Word stress and suffixes

Some words are made up of a root  and a suffix:

dangerous   =    root –> danger  +  ous –<  suffix
commercial   =    root –> commerc(e)  + al –<  suffix

In some words with suffixes, the stress stays on the same syllable as in the root. Compare:

‘danger and: ‘dangerous

In other words, the suffix changes the stressed syllable. Compare:

‘commerce and: com‘mercial

Suffixes which don’t usually change the stress pattern in the root word include -able, -age, -al, -er, -ful, -less, -ness, -ous and -fy. For example:

‘comfort – ‘comfortable
per‘cent – per’centage
e‘lectric – e‘lectrical
‘amplify –‘amplifier
re‘gret – re‘gretful
re‘gard – re‘gardless
‘foolish – ‘foolishness
di‘saster – di‘sastrous
‘beauty – ‘beautify

Exceptions with -able and -al include:

ad‘mire‘admirable
pre‘fer‘preferable
‘medicine – me‘dicinal
‘agriculture – agri‘cultural

Note that before the suffixes -ious, -ulous, -orous and -eous main stress usually comes in the syllable before the suffix:

‘industry – in‘dustrious
‘mystery- my‘sterious
‘miracle – mi‘raculous
‘carnivore – car‘nivorous
ad‘vantage – advan‘tageous
‘outrage – out‘rageous

Some suffixes themselves usually have the main stress. These include -ee, -eer, -ese and -ette.

For example:


absen‘tee
refu‘gee
engi‘neer
mountai‘neer
Japan‘ese
Nepal‘ese
cigar‘ette
di‘skette

Exceptions include: ‘omelette, ‘etiquette, em’ployee (although less commonly we use employ’ee).

Note: Some people say ‘cigarette.

Words with these suffixes can often have stress shift:

She’s japanESE.
but: She’s a JAPanese JOURnalist.
He’s a refuGEE.
but: We saw photos of REFugee CHILdren.

Exercise 1

Complete the sentences with pairs of words the box. You should also mark the stress.

‘outrage – out’rageous
my’sterious – ‘mystery
re’gardless – re’gard
agricultural – ‘agriculture
percentage – per’cent
di’saster – disastrous ‘
industry – in’dustrious
‘medicine – me’dicinal

EXAMPLE:  The herb is used for __me’dicinal__  purposes, although it isn’t usually thought of as a __‘medicine__.

1 The journey was a ______ ; in fact, the whole vacation was ______.
2 The decision was an ______- quite _______ . I was appalled.
3 _________ of his mistakes, the president continues to be held in high _______.
4 Workers in the steel ________ are generally skilled and _______ .
5 The Democrats’ lead is now eight _______ points, and has risen three _________ in the last week.
6 Her _______ disappearance was never explained, and her whereabouts remain a _________ until today.
7 The region is mainly ________ land and most people here still work in ________ .

Now listen and check your answers. Then say the sentences aloud, paying attention to the stress in the words you have written.

(United States) (BRIT: /hɜːb/; US: /ɜːrb/)

(Example: Note also that ‘medicine’ is usually pronounced with 2 syllables /ˈmɛd sɪn/, but may be pronounced with three in slow, careful speech /ˈmɛd ɪ sɪn/.)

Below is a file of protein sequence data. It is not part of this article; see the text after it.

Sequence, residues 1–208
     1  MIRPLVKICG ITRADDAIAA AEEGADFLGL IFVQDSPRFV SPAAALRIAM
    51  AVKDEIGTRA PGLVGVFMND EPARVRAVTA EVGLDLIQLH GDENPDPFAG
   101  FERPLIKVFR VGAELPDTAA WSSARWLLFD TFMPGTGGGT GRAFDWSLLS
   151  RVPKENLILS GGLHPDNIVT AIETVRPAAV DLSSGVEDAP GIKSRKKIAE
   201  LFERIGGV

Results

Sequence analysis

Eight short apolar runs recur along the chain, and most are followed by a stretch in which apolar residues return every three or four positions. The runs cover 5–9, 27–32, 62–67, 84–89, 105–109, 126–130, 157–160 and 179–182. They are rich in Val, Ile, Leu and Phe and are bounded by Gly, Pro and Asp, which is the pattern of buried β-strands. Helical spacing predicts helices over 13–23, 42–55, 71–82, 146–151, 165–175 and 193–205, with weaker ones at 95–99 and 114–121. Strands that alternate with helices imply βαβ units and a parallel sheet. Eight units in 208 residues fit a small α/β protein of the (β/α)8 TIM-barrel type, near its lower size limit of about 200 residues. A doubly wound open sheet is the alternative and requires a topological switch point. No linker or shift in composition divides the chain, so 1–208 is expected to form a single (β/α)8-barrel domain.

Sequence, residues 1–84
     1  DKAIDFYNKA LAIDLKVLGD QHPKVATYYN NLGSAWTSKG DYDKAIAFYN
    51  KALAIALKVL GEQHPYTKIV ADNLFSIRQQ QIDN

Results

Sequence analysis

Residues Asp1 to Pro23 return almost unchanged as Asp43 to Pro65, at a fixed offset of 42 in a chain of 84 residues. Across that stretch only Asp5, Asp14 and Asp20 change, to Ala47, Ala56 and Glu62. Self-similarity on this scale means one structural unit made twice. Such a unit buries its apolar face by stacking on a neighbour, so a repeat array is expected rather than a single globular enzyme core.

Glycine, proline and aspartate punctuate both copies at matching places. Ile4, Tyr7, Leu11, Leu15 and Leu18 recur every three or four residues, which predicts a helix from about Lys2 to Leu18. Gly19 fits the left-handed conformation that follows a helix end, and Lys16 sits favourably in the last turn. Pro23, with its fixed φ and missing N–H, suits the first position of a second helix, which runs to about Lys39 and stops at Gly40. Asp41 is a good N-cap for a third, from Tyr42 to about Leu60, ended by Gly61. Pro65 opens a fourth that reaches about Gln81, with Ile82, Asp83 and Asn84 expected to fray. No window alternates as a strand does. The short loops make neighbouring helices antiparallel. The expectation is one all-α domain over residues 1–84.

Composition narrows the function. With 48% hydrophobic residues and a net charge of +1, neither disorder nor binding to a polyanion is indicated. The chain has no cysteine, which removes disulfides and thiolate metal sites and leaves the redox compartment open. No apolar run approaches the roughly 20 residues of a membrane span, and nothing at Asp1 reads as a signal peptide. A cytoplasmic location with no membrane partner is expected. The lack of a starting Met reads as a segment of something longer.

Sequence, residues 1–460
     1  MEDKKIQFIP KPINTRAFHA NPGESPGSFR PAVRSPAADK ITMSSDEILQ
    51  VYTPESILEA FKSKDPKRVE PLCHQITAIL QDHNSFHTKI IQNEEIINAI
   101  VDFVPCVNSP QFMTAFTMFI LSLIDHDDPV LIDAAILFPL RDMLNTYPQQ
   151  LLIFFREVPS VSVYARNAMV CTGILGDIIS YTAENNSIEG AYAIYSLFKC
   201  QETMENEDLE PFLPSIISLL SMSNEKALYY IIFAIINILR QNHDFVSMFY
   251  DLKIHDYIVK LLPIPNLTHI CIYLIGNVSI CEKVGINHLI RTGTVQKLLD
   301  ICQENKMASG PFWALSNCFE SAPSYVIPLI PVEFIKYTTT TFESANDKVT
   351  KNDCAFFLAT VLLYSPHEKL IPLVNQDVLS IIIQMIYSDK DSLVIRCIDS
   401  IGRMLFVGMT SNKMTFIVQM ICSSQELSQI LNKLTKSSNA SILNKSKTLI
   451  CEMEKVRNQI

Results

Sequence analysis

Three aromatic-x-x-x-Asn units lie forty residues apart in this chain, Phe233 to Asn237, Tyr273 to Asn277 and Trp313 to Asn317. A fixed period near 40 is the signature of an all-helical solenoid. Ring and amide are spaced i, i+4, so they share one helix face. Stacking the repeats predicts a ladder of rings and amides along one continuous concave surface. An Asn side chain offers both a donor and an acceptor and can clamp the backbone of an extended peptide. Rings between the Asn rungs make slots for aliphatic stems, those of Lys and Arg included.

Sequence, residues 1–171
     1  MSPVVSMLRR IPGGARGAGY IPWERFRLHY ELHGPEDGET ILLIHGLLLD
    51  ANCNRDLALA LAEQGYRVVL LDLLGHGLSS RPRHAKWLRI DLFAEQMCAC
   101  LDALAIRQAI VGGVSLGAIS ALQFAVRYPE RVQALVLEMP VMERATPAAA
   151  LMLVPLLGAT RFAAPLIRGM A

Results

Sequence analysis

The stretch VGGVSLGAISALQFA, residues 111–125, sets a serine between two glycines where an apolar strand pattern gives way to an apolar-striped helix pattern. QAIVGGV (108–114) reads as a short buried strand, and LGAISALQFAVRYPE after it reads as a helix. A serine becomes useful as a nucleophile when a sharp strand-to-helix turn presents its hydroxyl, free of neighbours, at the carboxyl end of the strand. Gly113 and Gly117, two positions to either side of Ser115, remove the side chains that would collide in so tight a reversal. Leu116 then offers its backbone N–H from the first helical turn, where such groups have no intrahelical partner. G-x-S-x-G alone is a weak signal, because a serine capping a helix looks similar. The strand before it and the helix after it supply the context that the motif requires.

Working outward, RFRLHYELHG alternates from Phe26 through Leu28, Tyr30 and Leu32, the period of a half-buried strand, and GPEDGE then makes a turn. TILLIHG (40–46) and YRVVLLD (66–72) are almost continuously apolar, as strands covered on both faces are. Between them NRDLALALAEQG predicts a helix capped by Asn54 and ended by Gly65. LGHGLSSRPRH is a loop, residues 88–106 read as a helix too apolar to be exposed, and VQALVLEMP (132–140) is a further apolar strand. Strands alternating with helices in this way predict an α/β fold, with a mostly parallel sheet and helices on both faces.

1 di‘saster – di‘sastrous
2 ‘outrage – out‘rageous
3 Re‘gardless – re‘gard
4 ‘industry – in‘dustrious
5 per‘centage – per‘cent
6 my‘sterious – ‘mystery
7 agri‘cultural – ‘agriculture

Exercise 2

This speaker is talking about the difficulty of getting cars repaired. Focus on the words ending with the suffixes -able and -al (in bold). Listen and tick (✓) the words which follow the rule of having the same stress pattern as their root.

You hear about the poor quality of car repairs so often
nowadays. You just can’t find dependable (✓)
mechanics, and the problem seems to be universal (no tick).
For example, the other day I was having problems
starting my car, so I took it to a reputable ( ) garage.
At least I’d heard it was quite reliable ( ). The people
there seemed quite professional ( ), and they said it
looked like just a minor mechanical ( ) problem.
They said it would cost about €100, which seemed
quite acceptable ( ). But when I picked it up, they’d
badly scratched the paintwork. They apologised, and
said it was accidental ( ) and offered to re-spray it, but
whether they’ll do a good job is debatable ( ).

Now listen and check your answers. Then say the sentences aloud, paying attention to the stress in the words you have written.

(Jamaica)

Words with the same stress pattern as their root:

de‘pendable (de‘pend)
re‘liable (re‘ly)
me‘chanical (me‘chanic)
ac‘ceptable (ac‘cept)
pro‘fessional (pro‘fession)
de‘batable (de‘bate)

Words with a different stress pattern from their root:

uni‘versal (‘universe)
‘reputable (re‘pute)
acci‘dental (‘accident)

Exercise 3

Here are some extracts from a radio news programme. Underline the syllable in each word in bold that you think is likely to be made prominent. Remember, some of the words in bold are likely to have stress shift.

EXAMPLE: An aircraft that crashed three years ago in the Andes has been found by mountaineers.

1 A report on the problem of absentee landlords is to be published today.
2 Five thousand volunteer helpers are to be recruited for the next Olympic Games.
3 Mandarin an

d Cantonese are the most widely spoken languages in China.
4 The government is considering a ban on roulette.
5 There has been an outbreak of cholera among Sudanese villagers.

Now listen and check your answers. Then read the extracts aloud.

1  ‘absentee * 2  ‘volunteer * 3  Canton’ese 4  rou‘lette 5  ‘Sudanese *

* indicates stress shift.

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